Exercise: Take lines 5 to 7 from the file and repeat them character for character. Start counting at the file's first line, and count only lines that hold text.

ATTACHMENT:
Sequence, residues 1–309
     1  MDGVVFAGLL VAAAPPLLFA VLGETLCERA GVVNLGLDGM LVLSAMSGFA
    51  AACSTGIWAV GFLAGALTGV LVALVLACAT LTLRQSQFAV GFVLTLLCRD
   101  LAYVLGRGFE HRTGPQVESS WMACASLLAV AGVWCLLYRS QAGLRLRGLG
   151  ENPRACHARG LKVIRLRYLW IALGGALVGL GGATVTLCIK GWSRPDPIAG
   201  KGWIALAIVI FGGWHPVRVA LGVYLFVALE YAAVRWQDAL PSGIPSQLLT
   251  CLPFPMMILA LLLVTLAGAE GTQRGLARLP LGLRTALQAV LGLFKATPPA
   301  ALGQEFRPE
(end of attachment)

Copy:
   151  ENPRACHARG LKVIRLRYLW IALGGALVGL GGATVTLCIK GWSRPDPIAG
   201  KGWIALAIVI FGGWHPVRVA LGVYLFVALE YAAVRWQDAL PSGIPSQLLT
   251  CLPFPMMILA LLLVTLAGAE GTQRGLARLP LGLRTALQAV LGLFKATPPA